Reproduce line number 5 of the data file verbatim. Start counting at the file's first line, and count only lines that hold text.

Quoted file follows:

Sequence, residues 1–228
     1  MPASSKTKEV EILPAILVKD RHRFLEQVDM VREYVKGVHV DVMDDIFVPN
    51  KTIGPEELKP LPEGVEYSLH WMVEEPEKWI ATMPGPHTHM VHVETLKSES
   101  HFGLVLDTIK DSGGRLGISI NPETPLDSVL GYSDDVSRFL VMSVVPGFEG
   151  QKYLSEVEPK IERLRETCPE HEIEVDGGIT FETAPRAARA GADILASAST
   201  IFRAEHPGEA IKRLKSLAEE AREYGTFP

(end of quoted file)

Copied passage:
   151  QKYLSEVEPK IERLRETCPE HEIEVDGGIT FETAPRAARA GADILASAST